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AnnaSalamon comments on Ugh fields - Less Wrong

153 [deleted] 12 April 2010 05:06PM

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Comment author: AnnaSalamon 15 April 2010 12:22:01AM 7 points [-]

My experience is that ugh fields are invariably unfortunate in their effects. While it might indeed be useful to have a disgust reaction to candy or video games, the "ugh fields" seem not to be visceral disgust, but visceral, conditioned-pain-induced tendencies to cut off thought. Shadows you hide from in your own mind.

My experience is that the more ugh fields I can clear out, and the better I can get at not accumulating them, the more I can actually honestly think, can notice choices rather than just feeling stuck, and can find myself with energy to take on new projects. That is, there seems to be a general property of "having a clear mind" or "facing things" vs "hunkering down with willful tunnel vision lest I run into something painful", and allowing or clearing out an ugh field around an email or a broken conversation or whatever it is affects my overall state, not just that one area.

Comment author: pjeby 15 April 2010 12:42:16AM 5 points [-]

That is, there seems to be a general property of "having a clear mind" or "facing things" vs "hunkering down with willful tunnel vision lest I run into something painful",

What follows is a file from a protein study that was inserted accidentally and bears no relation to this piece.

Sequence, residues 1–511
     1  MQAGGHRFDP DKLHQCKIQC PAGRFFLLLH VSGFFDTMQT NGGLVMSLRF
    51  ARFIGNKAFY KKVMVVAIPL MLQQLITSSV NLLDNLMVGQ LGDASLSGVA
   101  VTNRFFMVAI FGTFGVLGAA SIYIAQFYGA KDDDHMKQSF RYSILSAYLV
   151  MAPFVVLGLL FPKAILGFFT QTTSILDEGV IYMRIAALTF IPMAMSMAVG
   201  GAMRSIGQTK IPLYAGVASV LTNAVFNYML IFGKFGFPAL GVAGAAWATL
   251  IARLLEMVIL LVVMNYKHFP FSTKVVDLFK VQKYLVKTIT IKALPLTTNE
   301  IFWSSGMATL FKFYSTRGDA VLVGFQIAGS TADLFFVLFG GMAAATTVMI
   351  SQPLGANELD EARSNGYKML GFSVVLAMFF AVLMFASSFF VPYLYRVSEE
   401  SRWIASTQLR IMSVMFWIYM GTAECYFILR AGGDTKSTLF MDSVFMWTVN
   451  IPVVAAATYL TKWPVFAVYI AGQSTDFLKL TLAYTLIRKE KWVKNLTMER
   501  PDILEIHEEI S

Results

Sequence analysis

Yep, that's pain or gain in a nutshell, and it's why I've said so very many times here that negative emotions cloud rational thinking in a way that positive emotions do not. And that, as soon as the negative emotions are out of the way, people tend to go, "Oh, I see what I should do now."

(The "ugh field" is a nice metaphor for describing those phenomena, though.)

Comment author: Nanani 15 April 2010 01:46:42AM 3 points [-]

While it might indeed be useful to have a disgust reaction to candy or video games, the "ugh fields" seem not to be visceral disgust, but visceral, conditioned-pain-induced tendencies to cut off thought.

In my experience, this only ever happens with a specific candy or game. For example, If I lose repeatedly and humiliatedly in an online game, I might develop an ugh field that ultimately prevents me from even thinking about popping on to play it, but the corresponding comfort activity is far more likely to be "play a different game" than "go study some math instead".

Comment author: Vladimir_Nesov 15 April 2010 09:40:51AM 1 point [-]

More generally, every bad phenomenon has fringe cases where it has positive instrumental value (unless it's an Unfriendly AI), but that doesn't invalidate the concept of bad phenomena.